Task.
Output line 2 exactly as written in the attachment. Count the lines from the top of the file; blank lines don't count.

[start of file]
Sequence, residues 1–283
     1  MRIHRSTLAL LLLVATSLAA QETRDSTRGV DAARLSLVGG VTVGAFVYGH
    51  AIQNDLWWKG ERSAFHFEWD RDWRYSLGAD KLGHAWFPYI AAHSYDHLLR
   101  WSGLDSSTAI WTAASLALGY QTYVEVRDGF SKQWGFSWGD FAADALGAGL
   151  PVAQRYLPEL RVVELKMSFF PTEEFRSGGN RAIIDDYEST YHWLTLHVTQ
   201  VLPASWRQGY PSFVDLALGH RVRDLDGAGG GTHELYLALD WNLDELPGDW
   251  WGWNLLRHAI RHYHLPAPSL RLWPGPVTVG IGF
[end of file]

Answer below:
     1  MRIHRSTLAL LLLVATSLAA QETRDSTRGV DAARLSLVGG VTVGAFVYGH